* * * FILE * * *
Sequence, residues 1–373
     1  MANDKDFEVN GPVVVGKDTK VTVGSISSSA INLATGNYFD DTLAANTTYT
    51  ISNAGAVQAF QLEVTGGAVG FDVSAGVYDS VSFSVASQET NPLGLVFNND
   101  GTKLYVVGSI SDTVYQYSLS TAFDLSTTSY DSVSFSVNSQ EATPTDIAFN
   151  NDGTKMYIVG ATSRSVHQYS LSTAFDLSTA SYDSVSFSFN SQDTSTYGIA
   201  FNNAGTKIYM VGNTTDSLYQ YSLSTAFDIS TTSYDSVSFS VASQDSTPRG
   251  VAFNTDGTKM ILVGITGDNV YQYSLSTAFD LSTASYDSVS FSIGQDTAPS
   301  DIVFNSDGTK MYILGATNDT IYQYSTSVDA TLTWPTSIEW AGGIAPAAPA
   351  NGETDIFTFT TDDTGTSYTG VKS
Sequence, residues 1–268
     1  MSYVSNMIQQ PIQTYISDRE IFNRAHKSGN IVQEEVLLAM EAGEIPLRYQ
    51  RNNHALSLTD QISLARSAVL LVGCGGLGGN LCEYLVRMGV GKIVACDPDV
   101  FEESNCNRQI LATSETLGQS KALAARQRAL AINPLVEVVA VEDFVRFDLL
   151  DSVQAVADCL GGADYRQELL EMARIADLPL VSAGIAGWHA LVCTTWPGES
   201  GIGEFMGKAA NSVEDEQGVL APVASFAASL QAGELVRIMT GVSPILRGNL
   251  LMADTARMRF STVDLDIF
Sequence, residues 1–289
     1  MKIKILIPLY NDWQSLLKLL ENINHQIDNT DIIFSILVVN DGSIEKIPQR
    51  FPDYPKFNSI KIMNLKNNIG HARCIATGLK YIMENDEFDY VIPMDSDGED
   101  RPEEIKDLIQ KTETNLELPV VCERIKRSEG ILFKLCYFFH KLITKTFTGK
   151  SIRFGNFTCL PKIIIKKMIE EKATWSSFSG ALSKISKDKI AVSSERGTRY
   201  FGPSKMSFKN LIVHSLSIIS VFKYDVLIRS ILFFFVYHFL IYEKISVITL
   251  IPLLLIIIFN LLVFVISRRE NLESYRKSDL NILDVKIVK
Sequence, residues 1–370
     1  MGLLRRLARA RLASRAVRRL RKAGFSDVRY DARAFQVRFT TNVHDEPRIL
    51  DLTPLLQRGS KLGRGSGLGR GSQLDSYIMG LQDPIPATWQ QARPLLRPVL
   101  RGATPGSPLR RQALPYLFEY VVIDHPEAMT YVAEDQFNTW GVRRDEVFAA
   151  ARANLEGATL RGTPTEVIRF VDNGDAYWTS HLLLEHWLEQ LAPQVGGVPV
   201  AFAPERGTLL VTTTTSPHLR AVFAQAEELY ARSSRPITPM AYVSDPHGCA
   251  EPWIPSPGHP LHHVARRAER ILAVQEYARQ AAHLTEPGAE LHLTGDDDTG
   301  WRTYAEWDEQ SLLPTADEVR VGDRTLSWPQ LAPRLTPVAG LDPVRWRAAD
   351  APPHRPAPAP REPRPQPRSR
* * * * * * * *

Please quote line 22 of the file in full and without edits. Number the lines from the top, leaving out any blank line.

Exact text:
   201  FGPSKMSFKN LIVHSLSIIS VFKYDVLIRS ILFFFVYHFL IYEKISVITL